In late 2001, a full bench of the Australian Industrial Relations Commission found that bargaining fee clauses in certified agreements do not contradict the strict letter of the freedom of association provisions of the Workplace Relations Act 1996, despite their acknowledged coercive intent. This has exhausted the legal avenues to have clauses removed from certified agreements.

There has been ongoing uncertainty in relation to the legal status of bargaining fee clauses, including whether such clauses can be included in agreements. In August 2002, the commission held that it was unable to certify nine agreements containing a bargaining fee clause because that clause did not pertain to the employment relationship; that decision is under appeal.

The Workplace Relations Amendment (Prohibition of Compulsory Union Fees) Bill 2002 [No. 2] addresses this uncertainty. The bill provides that bargaining fee clauses in certified agreements are void, and will give the commission the power to remove such clauses on application by the Employment Advocate, or a party to the agreement. The bill will prevent the commission certifying an agreement containing a clause requiring the payment of a fee for bargaining services.

To ensure that it is clear that bargaining fee clauses in certified agreements do not provide a basis on which unions can legally compel non-members to pay such fees and to ensure that there are appropriate protections for individual employees who choose not to pay a bargaining fee the bill will amend the Workplace Relations Act 1996 to:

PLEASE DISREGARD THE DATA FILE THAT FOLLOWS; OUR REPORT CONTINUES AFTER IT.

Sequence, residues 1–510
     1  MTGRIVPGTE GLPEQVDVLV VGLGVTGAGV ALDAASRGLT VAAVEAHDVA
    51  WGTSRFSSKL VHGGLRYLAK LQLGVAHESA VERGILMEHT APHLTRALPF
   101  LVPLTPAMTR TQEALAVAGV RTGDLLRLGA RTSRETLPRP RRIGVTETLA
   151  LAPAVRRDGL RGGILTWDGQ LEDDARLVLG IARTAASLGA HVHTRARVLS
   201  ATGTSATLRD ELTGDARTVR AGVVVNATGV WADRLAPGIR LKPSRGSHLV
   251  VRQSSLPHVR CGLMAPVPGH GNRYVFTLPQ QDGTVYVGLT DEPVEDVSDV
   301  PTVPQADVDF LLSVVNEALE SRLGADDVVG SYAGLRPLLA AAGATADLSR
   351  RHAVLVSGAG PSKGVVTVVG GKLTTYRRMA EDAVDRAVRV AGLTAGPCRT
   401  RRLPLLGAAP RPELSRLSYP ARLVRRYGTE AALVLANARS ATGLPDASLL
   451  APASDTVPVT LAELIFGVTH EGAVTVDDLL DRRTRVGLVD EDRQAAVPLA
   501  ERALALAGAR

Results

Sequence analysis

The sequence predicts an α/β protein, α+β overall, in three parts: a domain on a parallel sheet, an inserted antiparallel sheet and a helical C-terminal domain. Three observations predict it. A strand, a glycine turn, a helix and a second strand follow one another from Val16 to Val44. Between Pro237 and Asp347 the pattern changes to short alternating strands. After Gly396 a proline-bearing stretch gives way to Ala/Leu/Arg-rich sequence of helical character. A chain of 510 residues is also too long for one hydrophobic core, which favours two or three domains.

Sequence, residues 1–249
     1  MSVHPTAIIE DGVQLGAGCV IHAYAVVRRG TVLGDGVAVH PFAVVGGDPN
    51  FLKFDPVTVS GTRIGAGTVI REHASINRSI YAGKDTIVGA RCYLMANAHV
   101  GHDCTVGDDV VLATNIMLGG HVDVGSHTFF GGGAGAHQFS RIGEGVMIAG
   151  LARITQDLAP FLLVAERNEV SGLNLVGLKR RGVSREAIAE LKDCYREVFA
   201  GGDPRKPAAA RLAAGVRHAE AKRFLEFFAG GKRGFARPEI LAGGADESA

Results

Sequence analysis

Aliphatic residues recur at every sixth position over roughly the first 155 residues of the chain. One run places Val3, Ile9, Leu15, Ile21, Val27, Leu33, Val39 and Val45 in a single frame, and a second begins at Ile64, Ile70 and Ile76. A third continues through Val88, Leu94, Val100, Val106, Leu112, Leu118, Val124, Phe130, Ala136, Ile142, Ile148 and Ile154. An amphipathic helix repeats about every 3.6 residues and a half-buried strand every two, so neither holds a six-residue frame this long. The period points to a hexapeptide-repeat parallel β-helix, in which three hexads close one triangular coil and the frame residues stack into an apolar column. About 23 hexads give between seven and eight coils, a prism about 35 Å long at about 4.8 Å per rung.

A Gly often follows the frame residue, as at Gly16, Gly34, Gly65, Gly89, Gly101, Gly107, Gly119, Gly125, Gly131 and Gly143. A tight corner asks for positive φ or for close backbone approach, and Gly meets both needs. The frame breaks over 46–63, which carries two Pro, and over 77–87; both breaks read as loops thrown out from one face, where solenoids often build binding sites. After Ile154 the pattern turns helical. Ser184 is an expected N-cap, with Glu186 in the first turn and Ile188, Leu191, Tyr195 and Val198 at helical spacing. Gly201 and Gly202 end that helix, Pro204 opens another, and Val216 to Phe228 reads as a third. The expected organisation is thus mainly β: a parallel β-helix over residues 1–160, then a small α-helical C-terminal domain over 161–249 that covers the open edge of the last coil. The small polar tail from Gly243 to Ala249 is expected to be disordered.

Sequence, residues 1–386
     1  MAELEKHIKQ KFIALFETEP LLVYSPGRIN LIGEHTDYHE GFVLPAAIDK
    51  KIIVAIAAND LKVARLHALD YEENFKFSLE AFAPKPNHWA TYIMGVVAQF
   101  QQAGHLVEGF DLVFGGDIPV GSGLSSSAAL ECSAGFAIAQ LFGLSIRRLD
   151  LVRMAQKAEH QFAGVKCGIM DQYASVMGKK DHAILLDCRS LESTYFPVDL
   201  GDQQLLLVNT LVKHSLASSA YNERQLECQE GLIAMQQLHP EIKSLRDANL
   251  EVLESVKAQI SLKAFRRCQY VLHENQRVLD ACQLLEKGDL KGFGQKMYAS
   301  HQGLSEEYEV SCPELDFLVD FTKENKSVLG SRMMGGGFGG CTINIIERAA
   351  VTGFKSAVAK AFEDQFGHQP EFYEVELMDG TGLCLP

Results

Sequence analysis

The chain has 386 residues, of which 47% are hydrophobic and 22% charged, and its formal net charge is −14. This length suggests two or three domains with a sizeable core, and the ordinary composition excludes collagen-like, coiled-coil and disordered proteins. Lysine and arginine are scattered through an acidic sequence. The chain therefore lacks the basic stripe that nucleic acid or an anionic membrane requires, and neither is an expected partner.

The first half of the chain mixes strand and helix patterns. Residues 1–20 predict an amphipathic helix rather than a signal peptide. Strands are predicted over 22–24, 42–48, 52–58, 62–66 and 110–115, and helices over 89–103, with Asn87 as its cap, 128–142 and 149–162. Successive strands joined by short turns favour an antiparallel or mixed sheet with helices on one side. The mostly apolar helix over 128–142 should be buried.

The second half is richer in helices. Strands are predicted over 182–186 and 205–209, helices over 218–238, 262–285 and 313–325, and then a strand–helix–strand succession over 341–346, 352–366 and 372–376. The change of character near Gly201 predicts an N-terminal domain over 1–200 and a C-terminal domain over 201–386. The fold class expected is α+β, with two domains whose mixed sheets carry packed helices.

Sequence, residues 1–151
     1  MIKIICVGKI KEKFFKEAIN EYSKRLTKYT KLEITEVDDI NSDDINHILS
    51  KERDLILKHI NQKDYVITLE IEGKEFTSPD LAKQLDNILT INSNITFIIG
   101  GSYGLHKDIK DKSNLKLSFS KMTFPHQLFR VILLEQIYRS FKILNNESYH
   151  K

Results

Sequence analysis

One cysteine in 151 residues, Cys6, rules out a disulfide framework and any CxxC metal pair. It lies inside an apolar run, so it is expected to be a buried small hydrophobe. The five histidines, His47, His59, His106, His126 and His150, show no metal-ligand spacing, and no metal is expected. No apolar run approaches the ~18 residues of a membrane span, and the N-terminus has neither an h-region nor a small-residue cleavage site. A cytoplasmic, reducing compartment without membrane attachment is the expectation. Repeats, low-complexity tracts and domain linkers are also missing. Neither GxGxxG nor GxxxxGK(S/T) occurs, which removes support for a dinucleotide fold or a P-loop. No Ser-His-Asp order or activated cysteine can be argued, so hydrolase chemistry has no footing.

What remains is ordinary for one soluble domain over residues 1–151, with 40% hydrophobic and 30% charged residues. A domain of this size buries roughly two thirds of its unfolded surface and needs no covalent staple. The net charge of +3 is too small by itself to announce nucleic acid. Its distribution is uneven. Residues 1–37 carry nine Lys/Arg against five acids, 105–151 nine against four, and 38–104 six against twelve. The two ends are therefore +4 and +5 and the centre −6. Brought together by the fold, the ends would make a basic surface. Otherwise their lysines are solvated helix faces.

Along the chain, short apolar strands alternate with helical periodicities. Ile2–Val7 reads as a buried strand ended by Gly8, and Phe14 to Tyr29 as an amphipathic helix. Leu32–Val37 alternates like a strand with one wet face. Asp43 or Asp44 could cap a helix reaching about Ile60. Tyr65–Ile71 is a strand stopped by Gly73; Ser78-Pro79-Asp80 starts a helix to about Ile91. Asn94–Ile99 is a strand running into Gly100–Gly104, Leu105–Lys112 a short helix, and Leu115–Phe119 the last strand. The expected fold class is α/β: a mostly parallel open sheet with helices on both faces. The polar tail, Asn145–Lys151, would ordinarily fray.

prohibit employers and others from engaging in discriminatory conduct against people who refuse to pay a bargaining fee;

prohibit an industrial association from encouraging or inciting others to take discriminatory action against people who refuse to pay a bargaining fee;

prohibit an industrial association from taking, or threatening to take, action with intent to coerce people to pay a bargaining fee; and

prohibit an industrial association from demanding a bargaining fee.

There is also a need to prevent unions and employers from using other methods to create an impression that employees are legally obliged to pay these compulsory union fees. Hence the bill will prohibit the making of false or misleading representations about a person's liability to pay a compulsory union fee.

However, the bill will not prevent people making voluntary contributions, provided there is no coercion or misrepresentative conduct. The bill will prevent demands for coercive, non-consensual fees that are contrary to rights to freedom of association.

Bargaining fees are not a legitimate way for trade unions to arrest the dramatic and sustained fall in their membership.

Australian laws recognise an important statutory role for registered organisations, and confer upon them significant rights and obligations. But that legal standing cannot be at the expense of the right of individual employers and employees to freedom of association and to protection from coercive or discriminatory conduct.

I commend this bill to the House and present a copy of the explanatory memorandum.

Debate (on motion by Dr Lawrence) adjourned.